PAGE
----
• The Flaming Lips:
• La Jolla Playhouse:

Prurient releases double cassette Oxidation this week; Dominick Fernow makes you look unproductive

The President of Noise Dominick Fernow is hard at work as usual and is following up his Prurient project’s 7-inch Stun Gun (last month) and double 7-inch Wrapped in the Flame of Illusion, Masked in the Clay of Behavior (January) with a new double cassette release on his own Hospital Productions titled Oxidation. So for the months of 2012 so far, he’s three for three.

Oxidation is a straight-up noise assault that Fernow has mastered over his many years in the scene. Are these cacophonous compositions supposed to reflect the drug addictions of their song titles? History has taught us not to take Fernow too literally, as his concepts can stem from intricate and even sometimes personal foundations. But have fun assuming anyway!

Just in case you get bored with only getting to buy one new Prurient record each month, Fernow’s electronic project Vatican Shadow also has a new release called Kneel Before Religious Icons. The LP is Boomkat’s record of the week!

• Hospital:

Panabrite inserts his colored peg and illuminates with Soft Terminal (or, his name reminds me of that one toy I had as a child)

Without spending too much time invoking the work of an artist whose name in acronym form is “OPN,” it’s extremely refreshing to come across any musician who readily embraces the synth, instead of masking its sound with an excessive number of patches or through the utilization of additional instruments. This isn’t to say that bands who incorporate the synthesizer are necessarily deserving of scorn for doing the latter — just that they’d be totally more worthy of a listen if members decided to relinquish their guitars, drum kits, violins, didgeridoos, etc., and grab a vintage ARP 2600 or Korg MS-20 instead. You know New Order? As powerfully seductive as Bernard Sumner’s vocals and Peter Hook’s bass-lines were/are, I frankly would’ve been fine had they decided to go all-synth. Okay, that’s a complete lie, and the majority of this paragraph has been a serious exercise in hyperbole, but I stand by my initial point — the organic sound of a synthesizer is a beautiful thing, and unfortunately, we’ve strayed from the infatuation that we, as a culture, had for it during the 1970s and 80s.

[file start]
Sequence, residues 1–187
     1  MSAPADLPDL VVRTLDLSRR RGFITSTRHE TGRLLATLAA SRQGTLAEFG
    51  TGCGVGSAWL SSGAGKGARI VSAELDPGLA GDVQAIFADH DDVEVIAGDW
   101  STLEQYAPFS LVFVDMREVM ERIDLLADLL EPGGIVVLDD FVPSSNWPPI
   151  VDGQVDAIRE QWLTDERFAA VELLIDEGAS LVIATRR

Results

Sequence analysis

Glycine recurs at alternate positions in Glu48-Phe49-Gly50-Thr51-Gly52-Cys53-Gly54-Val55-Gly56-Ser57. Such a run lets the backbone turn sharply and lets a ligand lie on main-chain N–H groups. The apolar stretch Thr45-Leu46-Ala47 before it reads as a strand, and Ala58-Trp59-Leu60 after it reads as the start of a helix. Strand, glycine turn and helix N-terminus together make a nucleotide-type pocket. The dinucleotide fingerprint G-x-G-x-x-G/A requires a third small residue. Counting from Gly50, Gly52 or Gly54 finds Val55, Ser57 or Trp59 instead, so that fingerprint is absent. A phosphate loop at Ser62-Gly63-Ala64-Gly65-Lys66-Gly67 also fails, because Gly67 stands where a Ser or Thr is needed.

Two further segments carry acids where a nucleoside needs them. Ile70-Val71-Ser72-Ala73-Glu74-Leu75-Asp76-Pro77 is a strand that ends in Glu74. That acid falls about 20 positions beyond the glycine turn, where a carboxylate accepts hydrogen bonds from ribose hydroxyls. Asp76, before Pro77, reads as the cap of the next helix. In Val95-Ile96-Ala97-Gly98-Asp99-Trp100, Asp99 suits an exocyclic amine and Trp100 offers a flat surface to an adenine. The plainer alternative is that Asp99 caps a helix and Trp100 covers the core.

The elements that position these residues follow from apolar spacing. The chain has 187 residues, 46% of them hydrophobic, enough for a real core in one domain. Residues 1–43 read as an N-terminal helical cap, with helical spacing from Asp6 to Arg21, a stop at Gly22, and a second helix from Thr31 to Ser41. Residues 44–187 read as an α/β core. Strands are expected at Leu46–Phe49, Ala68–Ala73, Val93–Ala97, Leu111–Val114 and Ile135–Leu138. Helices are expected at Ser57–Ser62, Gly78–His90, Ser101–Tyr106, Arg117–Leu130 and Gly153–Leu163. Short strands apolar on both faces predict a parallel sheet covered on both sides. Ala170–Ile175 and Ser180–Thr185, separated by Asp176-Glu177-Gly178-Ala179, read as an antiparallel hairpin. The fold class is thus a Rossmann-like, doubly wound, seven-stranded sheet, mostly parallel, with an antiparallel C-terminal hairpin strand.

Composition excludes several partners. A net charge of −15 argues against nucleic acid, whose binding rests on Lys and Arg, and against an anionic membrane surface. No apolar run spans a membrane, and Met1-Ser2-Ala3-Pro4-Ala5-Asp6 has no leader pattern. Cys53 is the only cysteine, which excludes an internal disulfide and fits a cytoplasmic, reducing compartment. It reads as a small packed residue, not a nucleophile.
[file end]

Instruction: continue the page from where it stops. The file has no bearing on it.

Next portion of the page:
For his part, Panabrite a.k.a. Noah Chambers is apparently one of the few that we can count on to lead a resurgence of all that synthy deliciousness. After numerous cassette releases and a recent 12-inch on Aguirre, he released his first “proper” LP, Soft Terminal on March 1 via Digitalis. A press release notes, “Some will be quick to chalk Soft Terminal up as another ‘synth record,’ but that’s just the surface dressing. There is something deeper and much more complex happening here. Vivid, liquid dreams are sculpted into intricate fantasy landscapes, each layer revealing what a wizard Chambers is.” So on and so forth. Short of suggesting that Chambers has magical powers, I will say that what I’ve sampled of his work is quite immersive. Oh yes, Panabrite, take me on a journey via cloud to a time when pubic hair was unkempt, and computers were room-sized…